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Steelers unveil plans for 5,600-seat amphitheater

North Shore filling up

Wednesday, December 04, 2002

By Tom Barnes, Post-Gazette Staff Writer

The future look of vacant North Shore land between the stadiums came into greater focus yesterday, as the Steelers unveiled plans to build a $10 million, 5,600-seat, fabric roof amphitheater adjacent to Heinz Field.

The proposed amphitheater between Heinz Field, left, and PNC Park.

And in another major step, the city planning commission approved a blueprint for an office/residential/retail development to be built by Continental Real Estate Co. of Columbus, Ohio. These buildings will stretch from the new amphitheater west to PNC Park.

Mayor Tom Murphy said the promise of North Shore development -- made by city officials over 30 years ago when Three Rivers Stadium opened -- is finally being fulfilled.

Continental plans to begin work on from one to four new buildings by spring or summer. Adjacent to the new office buildings and residences will be three new parking garages built by the Sports & Exhibition Authority to go with an existing 1,100-space surface parking lot.

At a news conference yesterday, Steelers Vice President Art Rooney II said his goal is to begin construction on the privately financed amphitheater in the spring.

He wants to have the facility, which will have tiered seating and be used for diverse kinds of musical concerts, ready for operation by May 2004.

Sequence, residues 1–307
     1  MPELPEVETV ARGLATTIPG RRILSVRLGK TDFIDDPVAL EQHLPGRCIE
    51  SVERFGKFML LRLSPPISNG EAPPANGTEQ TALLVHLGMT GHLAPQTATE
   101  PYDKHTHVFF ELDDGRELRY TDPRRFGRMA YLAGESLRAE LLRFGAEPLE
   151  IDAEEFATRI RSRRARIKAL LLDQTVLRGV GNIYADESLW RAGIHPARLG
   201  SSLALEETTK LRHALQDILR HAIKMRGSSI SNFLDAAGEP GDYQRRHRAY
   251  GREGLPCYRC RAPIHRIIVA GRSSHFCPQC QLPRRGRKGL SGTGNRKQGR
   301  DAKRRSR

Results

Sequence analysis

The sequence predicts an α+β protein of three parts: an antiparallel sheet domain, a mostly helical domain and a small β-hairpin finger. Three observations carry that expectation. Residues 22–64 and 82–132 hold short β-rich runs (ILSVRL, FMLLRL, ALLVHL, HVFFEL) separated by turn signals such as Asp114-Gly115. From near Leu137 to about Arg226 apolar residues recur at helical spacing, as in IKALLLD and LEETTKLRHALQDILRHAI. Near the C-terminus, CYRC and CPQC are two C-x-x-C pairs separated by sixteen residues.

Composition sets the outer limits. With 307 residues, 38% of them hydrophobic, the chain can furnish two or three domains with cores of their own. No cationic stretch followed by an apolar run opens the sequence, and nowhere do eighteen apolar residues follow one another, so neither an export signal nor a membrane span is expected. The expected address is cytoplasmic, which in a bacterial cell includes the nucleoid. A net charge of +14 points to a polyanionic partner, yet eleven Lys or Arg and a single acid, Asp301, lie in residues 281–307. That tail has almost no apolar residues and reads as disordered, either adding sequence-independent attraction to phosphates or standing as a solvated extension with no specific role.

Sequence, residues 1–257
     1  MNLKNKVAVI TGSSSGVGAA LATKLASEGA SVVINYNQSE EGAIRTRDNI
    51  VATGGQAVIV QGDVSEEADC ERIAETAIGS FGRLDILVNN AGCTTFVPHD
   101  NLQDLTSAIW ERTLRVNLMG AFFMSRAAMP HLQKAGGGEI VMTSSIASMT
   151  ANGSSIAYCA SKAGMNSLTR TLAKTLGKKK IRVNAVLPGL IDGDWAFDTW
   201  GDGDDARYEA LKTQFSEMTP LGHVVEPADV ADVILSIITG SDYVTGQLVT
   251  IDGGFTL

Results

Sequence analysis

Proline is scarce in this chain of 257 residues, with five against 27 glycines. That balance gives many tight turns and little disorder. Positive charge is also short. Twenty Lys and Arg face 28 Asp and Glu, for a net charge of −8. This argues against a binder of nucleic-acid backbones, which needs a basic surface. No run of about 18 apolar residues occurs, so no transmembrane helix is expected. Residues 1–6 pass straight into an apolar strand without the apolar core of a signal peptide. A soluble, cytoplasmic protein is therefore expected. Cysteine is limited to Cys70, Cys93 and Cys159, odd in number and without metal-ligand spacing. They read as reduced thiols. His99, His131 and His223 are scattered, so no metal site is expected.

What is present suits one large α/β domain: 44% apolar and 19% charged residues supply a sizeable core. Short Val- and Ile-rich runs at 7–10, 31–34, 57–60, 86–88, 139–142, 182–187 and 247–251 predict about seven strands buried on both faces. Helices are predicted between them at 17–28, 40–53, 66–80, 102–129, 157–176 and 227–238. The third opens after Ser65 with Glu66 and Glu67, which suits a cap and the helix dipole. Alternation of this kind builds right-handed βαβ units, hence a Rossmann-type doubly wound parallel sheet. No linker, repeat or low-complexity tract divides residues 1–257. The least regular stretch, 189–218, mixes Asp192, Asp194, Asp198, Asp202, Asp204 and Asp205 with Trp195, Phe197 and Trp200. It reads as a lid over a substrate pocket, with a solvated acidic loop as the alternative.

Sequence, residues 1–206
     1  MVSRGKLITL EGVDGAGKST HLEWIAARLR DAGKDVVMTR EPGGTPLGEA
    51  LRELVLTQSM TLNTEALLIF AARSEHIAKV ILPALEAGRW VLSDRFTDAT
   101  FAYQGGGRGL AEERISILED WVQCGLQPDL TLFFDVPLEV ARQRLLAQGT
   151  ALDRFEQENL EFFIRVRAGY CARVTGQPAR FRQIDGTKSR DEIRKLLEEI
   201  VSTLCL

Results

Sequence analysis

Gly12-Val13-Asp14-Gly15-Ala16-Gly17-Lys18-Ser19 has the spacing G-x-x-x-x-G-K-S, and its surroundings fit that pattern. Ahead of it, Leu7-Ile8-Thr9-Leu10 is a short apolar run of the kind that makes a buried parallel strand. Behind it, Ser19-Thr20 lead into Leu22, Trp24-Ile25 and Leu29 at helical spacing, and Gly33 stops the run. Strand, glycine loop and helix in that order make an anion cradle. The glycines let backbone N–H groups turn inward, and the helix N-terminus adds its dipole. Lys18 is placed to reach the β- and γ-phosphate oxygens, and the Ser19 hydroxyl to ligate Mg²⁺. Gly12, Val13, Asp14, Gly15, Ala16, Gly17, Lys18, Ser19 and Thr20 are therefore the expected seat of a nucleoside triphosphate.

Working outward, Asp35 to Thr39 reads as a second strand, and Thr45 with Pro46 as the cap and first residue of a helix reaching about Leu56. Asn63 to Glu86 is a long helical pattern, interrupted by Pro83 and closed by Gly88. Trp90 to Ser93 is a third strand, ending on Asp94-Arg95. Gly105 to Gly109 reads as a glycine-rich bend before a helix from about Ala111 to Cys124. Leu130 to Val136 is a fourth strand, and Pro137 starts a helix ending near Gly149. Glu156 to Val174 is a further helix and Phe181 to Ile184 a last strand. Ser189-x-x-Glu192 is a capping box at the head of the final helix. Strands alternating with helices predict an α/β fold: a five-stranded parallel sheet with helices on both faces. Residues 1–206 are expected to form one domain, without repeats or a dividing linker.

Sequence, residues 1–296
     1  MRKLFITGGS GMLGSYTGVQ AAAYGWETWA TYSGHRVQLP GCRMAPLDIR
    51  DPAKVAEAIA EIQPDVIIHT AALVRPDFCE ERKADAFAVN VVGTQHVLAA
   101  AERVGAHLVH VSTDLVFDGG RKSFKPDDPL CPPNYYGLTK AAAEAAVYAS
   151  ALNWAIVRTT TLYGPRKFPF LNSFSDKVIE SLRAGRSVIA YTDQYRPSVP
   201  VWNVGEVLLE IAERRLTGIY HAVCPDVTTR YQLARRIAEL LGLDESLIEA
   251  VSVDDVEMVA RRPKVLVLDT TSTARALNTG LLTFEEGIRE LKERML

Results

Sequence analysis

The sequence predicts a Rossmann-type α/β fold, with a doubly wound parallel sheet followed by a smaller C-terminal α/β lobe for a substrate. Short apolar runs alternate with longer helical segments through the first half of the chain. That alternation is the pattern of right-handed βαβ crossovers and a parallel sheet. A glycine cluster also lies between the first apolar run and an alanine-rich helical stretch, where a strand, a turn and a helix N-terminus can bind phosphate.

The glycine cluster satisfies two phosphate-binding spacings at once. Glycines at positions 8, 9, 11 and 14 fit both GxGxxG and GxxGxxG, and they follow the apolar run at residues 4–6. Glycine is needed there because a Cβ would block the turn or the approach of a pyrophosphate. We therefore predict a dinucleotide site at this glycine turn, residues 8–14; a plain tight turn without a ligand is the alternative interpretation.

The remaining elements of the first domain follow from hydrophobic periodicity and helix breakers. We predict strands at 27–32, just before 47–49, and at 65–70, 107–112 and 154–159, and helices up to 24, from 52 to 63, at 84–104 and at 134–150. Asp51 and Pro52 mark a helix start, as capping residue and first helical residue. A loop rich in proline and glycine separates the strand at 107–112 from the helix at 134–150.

The planning commission also heard amphitheater details yesterday but said it won't take action on the matter until January.

The new amphitheater, added to new stores, taverns, restaurants, offices and residences planned by Continental, "will add exciting new venues to the North Shore," Murphy said.

Jimmy Sacco, general manager of Heinz Field, said the new amphitheater will compete for concerts with the white-roofed Amphitheater at Station Square across from the Point.

The new facility will be covered with a two-tiered roof made of a Teflon fabric, similar to what's been used for the rear portion of the roof at the city's new convention center.

One section of the amphitheater roof will be removable for open-air concerts in good weather, said its designer, Charlotte, N.C. architect David K. Wagner, a former Pittsburgher.